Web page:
I freely confess I had no idea what this book was until I peeled the plastic off and started reading. I simply saw Gilbert coolly gazing at me from the cover, the title, and the author’s name, and I could not pick it up off the shelf at the bookstore fast enough. I slapped some money down on the counter and raced out of the shop with my precious treasure, wondering if it was perhaps a new comic by Takemiya, a spin-off of the beloved Kaze to Ki no Uta. Whatever it was, I was going to read it. And I was pretty sure I was going to love it, because of all the Forty-Niners, Keiko Takemiya is the star in my sky.
And I did read it. And love it. So no surprises here. But rather than a spin-off or some other manga tangentially related to the beautiful and troubled Gilbert, Takemiya surprised me with a biography of Kaze. I’ve never read the biography of a work of art before. I’ve actually never heard of a biography of a work of art before. But this is a thing that should be done more often because it was absolutely fascinating. Takemiya guides us from her arrival in Tokyo at the age of twenty in 1970 through to the start of the serialization of Kaze in 1976, offering many a glimpse into not just herself and her own life and upbringing, but also into the manga industry at the time and the state of Japanese society in the 1970s.
I knew bits and pieces of this story: how Takemiya tried for years to get it published, how it was rejected over and over (as the cover notes in large font), how it was too racy for its time, how editors believed girls did not want to read about boys in love. But this is honestly not even half of the story. Takemiya’s journey to finally serializing what she calls her lifework is more than just a battle against the legions of male shojo manga editors who could never understand what girls actually wanted to read, it’s a battle against herself, her own insecurities and shortcomings as an artist. It’s a young woman finding herself and her voice that should really be read by all aspiring artists if only to reassure themselves that even the greats are plagued with the inner voice of “no”. It’s also a beautiful tale of friendship and women coming together against a male-dominated industry to assert their voices and lift each other up. So yes, Shonen basically has it all. Continue reading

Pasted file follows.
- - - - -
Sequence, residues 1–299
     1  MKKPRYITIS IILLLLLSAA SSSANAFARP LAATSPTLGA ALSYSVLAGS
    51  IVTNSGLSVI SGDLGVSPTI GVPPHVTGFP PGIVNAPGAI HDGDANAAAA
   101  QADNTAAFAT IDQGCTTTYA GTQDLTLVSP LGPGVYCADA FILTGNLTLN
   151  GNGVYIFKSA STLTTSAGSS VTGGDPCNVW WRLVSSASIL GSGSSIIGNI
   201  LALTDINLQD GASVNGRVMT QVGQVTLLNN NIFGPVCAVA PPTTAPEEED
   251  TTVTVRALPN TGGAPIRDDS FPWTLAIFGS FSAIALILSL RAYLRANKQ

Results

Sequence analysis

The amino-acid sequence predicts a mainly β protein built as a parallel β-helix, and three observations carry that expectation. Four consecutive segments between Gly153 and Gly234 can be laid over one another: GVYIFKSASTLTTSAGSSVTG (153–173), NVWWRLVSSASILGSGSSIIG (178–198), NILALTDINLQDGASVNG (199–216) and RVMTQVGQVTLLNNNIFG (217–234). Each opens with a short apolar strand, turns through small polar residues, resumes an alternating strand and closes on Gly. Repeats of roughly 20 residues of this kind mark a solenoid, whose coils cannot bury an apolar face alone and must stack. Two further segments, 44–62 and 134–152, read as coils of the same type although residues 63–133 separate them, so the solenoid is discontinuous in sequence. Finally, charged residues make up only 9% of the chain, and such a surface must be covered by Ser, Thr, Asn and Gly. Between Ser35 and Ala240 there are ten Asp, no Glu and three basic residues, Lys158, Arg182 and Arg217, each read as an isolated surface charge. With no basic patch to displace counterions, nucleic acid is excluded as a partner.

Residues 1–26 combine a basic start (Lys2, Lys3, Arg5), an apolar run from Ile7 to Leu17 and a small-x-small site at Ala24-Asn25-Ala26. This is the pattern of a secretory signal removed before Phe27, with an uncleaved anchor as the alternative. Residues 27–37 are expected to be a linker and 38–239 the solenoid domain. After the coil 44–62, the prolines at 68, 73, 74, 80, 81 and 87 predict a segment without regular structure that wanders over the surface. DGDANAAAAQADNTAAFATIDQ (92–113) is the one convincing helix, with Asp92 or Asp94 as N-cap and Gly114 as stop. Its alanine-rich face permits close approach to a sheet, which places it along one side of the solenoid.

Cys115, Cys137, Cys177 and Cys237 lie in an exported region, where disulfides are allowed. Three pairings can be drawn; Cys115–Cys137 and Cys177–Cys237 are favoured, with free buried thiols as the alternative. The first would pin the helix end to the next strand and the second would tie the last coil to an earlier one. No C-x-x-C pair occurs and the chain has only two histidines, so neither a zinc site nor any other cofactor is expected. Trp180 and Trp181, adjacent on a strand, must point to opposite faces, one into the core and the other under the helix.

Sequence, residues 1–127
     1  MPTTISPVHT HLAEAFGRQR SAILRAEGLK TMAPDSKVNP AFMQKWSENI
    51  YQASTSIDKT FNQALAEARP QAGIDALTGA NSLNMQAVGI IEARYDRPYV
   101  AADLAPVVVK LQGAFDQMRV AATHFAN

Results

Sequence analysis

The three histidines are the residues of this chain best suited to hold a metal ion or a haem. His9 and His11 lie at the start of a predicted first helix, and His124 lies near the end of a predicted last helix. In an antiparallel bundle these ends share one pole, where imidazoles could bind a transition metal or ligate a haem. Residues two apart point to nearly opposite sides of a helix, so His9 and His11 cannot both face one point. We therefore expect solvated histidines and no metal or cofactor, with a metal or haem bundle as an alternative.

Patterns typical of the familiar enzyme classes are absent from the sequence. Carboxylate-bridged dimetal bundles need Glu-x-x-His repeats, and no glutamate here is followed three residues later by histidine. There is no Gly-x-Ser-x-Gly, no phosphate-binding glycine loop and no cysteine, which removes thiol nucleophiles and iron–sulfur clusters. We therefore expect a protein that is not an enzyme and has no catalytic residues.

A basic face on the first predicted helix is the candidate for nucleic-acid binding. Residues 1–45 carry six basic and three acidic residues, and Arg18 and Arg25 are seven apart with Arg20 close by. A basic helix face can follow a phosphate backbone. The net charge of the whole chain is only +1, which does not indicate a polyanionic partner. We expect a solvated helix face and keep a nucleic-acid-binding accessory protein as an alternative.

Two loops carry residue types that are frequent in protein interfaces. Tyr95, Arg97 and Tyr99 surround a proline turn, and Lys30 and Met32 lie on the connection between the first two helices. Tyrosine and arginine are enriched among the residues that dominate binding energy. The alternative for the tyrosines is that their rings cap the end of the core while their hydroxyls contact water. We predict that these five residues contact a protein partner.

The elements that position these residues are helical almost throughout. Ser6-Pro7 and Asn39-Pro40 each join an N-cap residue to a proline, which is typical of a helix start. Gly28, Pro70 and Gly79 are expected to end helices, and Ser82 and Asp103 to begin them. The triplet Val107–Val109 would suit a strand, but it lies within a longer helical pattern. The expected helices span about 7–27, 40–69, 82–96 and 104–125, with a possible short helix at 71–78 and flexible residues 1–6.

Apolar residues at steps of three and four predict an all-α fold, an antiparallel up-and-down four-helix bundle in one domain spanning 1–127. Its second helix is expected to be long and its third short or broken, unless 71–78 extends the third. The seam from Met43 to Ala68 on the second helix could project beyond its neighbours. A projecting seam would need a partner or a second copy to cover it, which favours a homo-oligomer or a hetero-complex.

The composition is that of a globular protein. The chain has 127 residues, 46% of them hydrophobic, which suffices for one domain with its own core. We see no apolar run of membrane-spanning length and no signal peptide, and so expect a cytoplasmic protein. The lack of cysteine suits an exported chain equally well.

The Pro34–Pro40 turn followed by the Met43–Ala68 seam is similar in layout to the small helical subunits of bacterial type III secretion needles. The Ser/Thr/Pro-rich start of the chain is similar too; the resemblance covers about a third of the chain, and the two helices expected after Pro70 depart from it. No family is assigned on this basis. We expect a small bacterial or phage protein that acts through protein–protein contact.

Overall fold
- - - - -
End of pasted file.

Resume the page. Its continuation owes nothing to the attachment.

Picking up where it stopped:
Now that I am finally free of the most pressing of my terrible deadlines, I have been doing so much more of what my brain loves the most: reading! Japanese, English, French, I even ventured over to the German and Swedish books on my shelves just to taste the joy of so many words (although my German and Swedish have rotted to seriously embarrassing levels. Especially embarrassing considering the fact that I am German…). I’ve been digging deep into the shelf of unread books, finding things I don’t even remember buying. Like this Japanese bunko book Eien no Tochu, which the bad cover tells me is a “realistic depiction of the uncertain heart of a woman”. Why is this on my shelf?
I also found things I do remember buying, thankfully. Like the first two books of Terra e. And I didn’t find other things I’m certain I bought. Like the third book of Terra e. Where did it go? Did it get lost in my recent move? Do I just think I bought it when I bought the first two, but I actually didn’t? Why is this happening? Whatever the reason, it is happening: I do not have the last book of Keiko Takemiya’s bizarre venture into scifi. So I don’t know how the story ends. I will buy the last book when I am again in Japan, but until then, the story will exist inside me, unfinished but also not really needing to be finished. It is that kind of story.
And so my brain tackles books one and two for your reading pleasure! It’s no secret that my brain and I loooooooved Kaze to Ki no Uta, Takemiya’s epic tale of young lovers destroyed by the world around them, so I was eager to dig into another of her classic works (and this one’s been translated into English by those troopers over at Vertical!). But Terra is a whole different beast from Kaze, if only because they were drawn for two completely different audiences. Kaze was straight up shojo, with all the hearts and flowers that entails, while Terra was published in a shonen magazine and so attempts to hide its author’s shojo roots with varying degrees of success. Continue reading
The end! A journey beginning nearly two years ago brings us here. Oh those sweet innocent days when we did not know the depths to which Keiko Takemiya was capable of bringing a character! Remember when we had no idea how very in lust creepy nineteenth century Frenchmen were with tiny blond French boys? Yes, it was a gentler time. Now we have seen things, we know how cruel this world can be. Or at least the world of Takemiya’s juggernaut of tragedy, Kaze to Ki no Uta.
Having read the entire series now, I have to say again how incredible it is that this even got published at all. It took years for Takemiya to convince anyone to publish it uncensored, and you can see why. There is a *laht* of stuff that might offend basically anyone, especially in 1976 Japan. Incest? Check! Rape? Check! Monstrous parental figures doing incredibly sick things? Check! But some smart editor saw the real value of this story and took a chance on it. And we have been crying over Gilbert ever since. Major spoilers coming your way now! The end is discussed! You have been warned! Continue reading